It’s less than a month until Costume College 2018, and my instagram and facebook feeds are full of people panic-sewing for the event. I’m not going this year, but all the excitement has reminded me of the talks I did last year, and how I’ve never put most of that information online.
In a timely coincidence, a number of people have asked me recently what my favourite Edwardian & WWI era patterns are, and how I built my wardrobe for my Fortnight in 1916 living-history project.
One of my talks at Costume College last year was ‘The Great War Wardrobe‘: an in-depth exploration of WWI era home-front fashion, along with a guide on how to build a complete wardrobe from the period. I’m still working out how to turn the fashion history side of the class into workable blog posts, but will (hopefully) get those sorted and polished soon.
For now, here is a quick series on where to get patterns to make a 1910s (with a focus on 1914-19) era wardrobe.
Other posts in the series include:
The patterns I’ve included here are from pattern companies I’ve made items from, or have helped students or friends make items from, and can recommend on that basis.
I have not included pattern companies that I do not recommend, or pattern companies I have seen or tested in any way. I did not include patterns that are essentially modern blocks updated with a period aesthetic: I find that they rarely give the correct look.
Today’s post is all about your 1910s unders – because every good impression starts with your foundations. My Fortnight in 1916 really demonstrated how much your undergarments change how you stand, and move in your garments, and think about your personal space, and movements, so I really, really recommend making the proper underthings to achieve an accurate impression.
For your WWI wardrobe, first of all, of course you need a corset:
For more on what you’re looking to achieve with your corset, check out my series on Body Ideals & Corsetry 1913-1921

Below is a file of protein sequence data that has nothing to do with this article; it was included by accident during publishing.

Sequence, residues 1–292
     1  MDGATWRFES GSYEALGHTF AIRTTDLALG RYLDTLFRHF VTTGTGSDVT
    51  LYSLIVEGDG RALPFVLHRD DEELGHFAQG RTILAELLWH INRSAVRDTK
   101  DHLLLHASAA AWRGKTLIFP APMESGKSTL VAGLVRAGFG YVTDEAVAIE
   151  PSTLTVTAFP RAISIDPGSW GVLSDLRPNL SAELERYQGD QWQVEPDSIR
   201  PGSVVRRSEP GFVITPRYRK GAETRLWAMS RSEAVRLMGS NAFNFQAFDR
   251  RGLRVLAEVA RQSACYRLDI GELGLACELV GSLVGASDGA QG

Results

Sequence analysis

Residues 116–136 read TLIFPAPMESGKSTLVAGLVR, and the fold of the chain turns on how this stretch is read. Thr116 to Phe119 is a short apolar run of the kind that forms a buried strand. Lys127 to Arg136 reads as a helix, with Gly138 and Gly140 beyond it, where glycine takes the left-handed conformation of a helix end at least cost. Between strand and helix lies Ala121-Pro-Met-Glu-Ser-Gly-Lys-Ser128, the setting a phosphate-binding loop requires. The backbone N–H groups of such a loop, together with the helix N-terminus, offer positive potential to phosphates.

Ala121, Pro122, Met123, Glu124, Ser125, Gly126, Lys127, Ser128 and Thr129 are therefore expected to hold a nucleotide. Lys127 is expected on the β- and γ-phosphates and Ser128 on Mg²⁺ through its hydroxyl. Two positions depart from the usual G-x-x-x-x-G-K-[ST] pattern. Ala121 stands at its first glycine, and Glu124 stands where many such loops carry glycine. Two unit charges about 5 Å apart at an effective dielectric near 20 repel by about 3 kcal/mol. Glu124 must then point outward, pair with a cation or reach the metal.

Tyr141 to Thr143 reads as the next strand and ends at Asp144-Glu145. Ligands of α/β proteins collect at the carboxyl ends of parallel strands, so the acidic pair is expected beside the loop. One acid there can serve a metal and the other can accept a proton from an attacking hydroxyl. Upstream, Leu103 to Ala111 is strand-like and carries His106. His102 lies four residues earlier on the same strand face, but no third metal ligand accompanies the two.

Under your corset, you’ll need some form of undergarments to protect the corset from you, and you from the corset:
Under the Corset:
- Truly Victorian: TVE02 1900s underwear: Slightly early for the period, and best if you are doing an impression of an older woman, whose style might not be so up-to-date.
- Wearing History: Circa 1917 Combination Underwear & Chemise This is the pattern I used for all of my Fortnight in 1916 undergarments
Over the Corset:
- Folkwear: Edwardian Underthings. Slightly early for the period, and best if you are doing an impression of an older woman, whose style might not be so up-to-date. Shortened, the petticoat is suitable for 1915-17 as well. I’m not sure the camisole is entirely accurate in cut.
- Scroop Patterns: Ettie Petticoat. Includes four views covering 1890-1920, and instructions on period decorations techniques, like insertion lace.
- Truly Victorian: Late Edwardian Petticoat Pattern Suitable for the long, slim skirts of 1909-14
- Wearing History: 1910s corset cover or camisole This is the pattern I used for all of my Fortnight in 1916 camisoles
- Wearing History: 1910s Combination Underwear
Because every well-dressed WWI era lady needs an elegant robe or negligée to swan about the house in!
There are also lots of books that include scaled patterns for corsets and other undergarments from this era (well, primarily corsets). I recommend:
- McNealy, Marion. Corset Cutting & Making (this book is amazing)
- Salen, Jill. Corsetmaking: Historical Patterns & Techniques
- Waugh, Nora. Corsets & Crinolines
I’ll be putting up the rest of my guide over the next two weeks!